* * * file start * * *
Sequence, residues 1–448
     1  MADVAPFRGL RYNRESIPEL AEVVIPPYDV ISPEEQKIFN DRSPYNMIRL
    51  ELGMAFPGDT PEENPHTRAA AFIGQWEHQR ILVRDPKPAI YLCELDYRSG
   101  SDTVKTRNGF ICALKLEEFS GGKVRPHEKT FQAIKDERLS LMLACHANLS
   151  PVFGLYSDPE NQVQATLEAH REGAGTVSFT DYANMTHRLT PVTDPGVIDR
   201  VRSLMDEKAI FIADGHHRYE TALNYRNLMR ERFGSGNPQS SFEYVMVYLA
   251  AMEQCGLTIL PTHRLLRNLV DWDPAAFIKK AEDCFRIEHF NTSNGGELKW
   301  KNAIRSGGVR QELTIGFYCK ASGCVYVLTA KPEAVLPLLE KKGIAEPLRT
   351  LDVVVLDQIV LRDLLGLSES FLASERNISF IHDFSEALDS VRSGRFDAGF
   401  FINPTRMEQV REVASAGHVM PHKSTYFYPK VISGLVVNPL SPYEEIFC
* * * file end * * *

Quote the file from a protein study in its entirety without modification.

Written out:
Sequence, residues 1–448
     1  MADVAPFRGL RYNRESIPEL AEVVIPPYDV ISPEEQKIFN DRSPYNMIRL
    51  ELGMAFPGDT PEENPHTRAA AFIGQWEHQR ILVRDPKPAI YLCELDYRSG
   101  SDTVKTRNGF ICALKLEEFS GGKVRPHEKT FQAIKDERLS LMLACHANLS
   151  PVFGLYSDPE NQVQATLEAH REGAGTVSFT DYANMTHRLT PVTDPGVIDR
   201  VRSLMDEKAI FIADGHHRYE TALNYRNLMR ERFGSGNPQS SFEYVMVYLA
   251  AMEQCGLTIL PTHRLLRNLV DWDPAAFIKK AEDCFRIEHF NTSNGGELKW
   301  KNAIRSGGVR QELTIGFYCK ASGCVYVLTA KPEAVLPLLE KKGIAEPLRT
   351  LDVVVLDQIV LRDLLGLSES FLASERNISF IHDFSEALDS VRSGRFDAGF
   401  FINPTRMEQV REVASAGHVM PHKSTYFYPK VISGLVVNPL SPYEEIFC